Sex with time-travellers might kill you.

When time travel finally becomes possible, we might want to think twice about getting it on. According to a new study on tiny shrimp (Artemia franciscana), sex with partners from a different time could kill you.

Researchers at the Center for Functional and Evolutionary Ecology (CEFE) in Montpellier, France, collected preserved brine shrimp eggs from various generations, and then reanimated them with water. Nicolas Rode and colleagues mated pairs of brine shrimp that had been reanimated from eggs preserved since 1985, 1996 and 2007, a period representing roughly 160 generations. They found that females that mated with males from the past or future died off sooner than those that mated with their own generation. The longer the time-shift, the earlier they died: The 22-year time difference shortened female lifetimes by 12 percent; the effect was 3 percent for the 11-year time-shift.

Interestingly, this didn’t affect the females’ reproductive success. Those that lived shorter lives produced the same average number of offspring, they just did it at a faster pace. “Females’ life histories are complex and are constantly adjusted,” explains study co-author Thomas Lenormand. These adjustments reflect the trade-offs between survival and reproduction in nature.

Brine shrimp are part of an interesting class of animal whose eggs can survive decades of drought in a form of dormancy known as cryptobiosis. Once the eggs are reintroduced to water—either in nature or in the lab—they hatch. The species therefore makes an ideal subject for a time-traveling experiment like this one.

What makes time-shifting sex hazardous to health is something called antagonistic coevolution, a way that different species (parasites and hosts, for example) or members of the same species (males and females) adapt to each other to promote their own individual reproductive interests. In nature’s sex wars, males campaign for more offspring—the proverbial seed-spreading—while females play hard-to-get because they bear most of the burden of reproduction and parenthood.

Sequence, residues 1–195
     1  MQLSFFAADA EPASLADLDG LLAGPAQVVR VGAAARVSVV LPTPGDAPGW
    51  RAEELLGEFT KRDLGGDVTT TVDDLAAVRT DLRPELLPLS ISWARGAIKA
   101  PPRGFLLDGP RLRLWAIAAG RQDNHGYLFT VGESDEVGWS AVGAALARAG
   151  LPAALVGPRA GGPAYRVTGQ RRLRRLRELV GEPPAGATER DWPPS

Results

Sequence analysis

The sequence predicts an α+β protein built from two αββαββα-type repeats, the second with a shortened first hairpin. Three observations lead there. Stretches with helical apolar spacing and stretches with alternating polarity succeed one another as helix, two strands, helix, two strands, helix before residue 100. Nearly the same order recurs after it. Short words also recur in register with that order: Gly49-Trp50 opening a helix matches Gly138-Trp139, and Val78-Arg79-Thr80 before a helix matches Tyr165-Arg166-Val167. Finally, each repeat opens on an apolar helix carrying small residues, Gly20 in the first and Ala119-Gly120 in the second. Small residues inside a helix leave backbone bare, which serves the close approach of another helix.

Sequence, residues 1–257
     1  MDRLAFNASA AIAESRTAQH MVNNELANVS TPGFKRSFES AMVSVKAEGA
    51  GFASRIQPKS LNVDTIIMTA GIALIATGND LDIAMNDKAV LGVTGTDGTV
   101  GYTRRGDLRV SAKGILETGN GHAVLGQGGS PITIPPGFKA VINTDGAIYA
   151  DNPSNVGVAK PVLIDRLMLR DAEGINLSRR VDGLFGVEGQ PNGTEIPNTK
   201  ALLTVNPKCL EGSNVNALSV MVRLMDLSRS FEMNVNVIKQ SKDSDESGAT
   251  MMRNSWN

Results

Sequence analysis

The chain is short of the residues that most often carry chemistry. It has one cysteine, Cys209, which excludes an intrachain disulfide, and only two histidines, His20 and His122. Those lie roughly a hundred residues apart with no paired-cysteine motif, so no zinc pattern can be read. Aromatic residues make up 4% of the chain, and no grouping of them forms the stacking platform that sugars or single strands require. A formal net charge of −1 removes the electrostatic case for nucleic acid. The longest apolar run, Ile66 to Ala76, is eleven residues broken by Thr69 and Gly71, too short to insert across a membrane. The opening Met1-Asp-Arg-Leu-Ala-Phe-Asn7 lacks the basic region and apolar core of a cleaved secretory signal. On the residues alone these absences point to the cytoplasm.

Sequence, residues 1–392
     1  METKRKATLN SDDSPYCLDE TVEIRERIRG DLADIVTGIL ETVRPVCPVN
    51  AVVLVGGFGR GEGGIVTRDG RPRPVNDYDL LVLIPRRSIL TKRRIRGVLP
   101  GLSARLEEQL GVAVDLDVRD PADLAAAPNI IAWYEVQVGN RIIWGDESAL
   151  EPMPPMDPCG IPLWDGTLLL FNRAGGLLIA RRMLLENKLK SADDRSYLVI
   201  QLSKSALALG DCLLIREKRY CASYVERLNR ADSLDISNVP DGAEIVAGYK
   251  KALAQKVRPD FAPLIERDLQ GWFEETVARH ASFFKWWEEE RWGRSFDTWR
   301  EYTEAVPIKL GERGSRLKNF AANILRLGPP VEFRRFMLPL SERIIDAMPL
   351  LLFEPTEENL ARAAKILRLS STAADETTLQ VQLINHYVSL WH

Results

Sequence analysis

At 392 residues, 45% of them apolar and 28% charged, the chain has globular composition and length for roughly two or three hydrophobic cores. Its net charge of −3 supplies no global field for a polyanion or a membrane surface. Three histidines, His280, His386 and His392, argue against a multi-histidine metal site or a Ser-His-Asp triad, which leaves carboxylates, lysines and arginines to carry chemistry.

Evolutionary biologists say these conflicts are common in nature, and could occur either as an arms race, with each side’s weapons getting bigger and better, or as a fluctuation, where the two sides take turns dominating each other over time with novel adaptations.

If males and females coevolve their sex organs in tandem, mating with a partner from a different time could leave you unprepared—sort of like heading into modern war with 17th-century armor. The brine shrimp experiment shows just this.

Unfortunately, the researchers couldn’t determine whether there were arms-race-style or fluctuation-style adaptations at work in this experiment. They’d need a longer time-shift to figure that out, which would test the limits of brine shrimp cryptobiosis. They also don’t know what traits made the time-shifting males more deadly. Lenormand and Rode say they’d like to investigate these traits in the future. It could have something to do with amplexus, in which male brine shrimp grasp their partners for hours or even days after sex to keep them from mating with others. A byproduct of this so-called mate guarding is that the females can’t feed, which could shorten their lifetimes. The researchers would also like to flip the experiment on its head, studying the effects of time-shifting sex on males instead of females.